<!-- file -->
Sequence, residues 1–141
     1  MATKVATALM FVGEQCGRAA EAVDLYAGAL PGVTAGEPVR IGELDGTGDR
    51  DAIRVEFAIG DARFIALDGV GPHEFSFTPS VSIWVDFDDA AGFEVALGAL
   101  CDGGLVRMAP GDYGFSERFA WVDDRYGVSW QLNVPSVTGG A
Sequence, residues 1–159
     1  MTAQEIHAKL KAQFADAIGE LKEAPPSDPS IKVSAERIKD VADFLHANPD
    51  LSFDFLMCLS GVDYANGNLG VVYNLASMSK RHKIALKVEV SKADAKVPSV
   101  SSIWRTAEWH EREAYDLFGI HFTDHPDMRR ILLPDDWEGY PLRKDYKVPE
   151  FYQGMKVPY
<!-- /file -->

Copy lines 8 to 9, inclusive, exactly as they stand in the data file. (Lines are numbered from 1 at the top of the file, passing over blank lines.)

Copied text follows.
   101  SSIWRTAEWH EREAYDLFGI HFTDHPDMRR ILLPDDWEGY PLRKDYKVPE
   151  FYQGMKVPY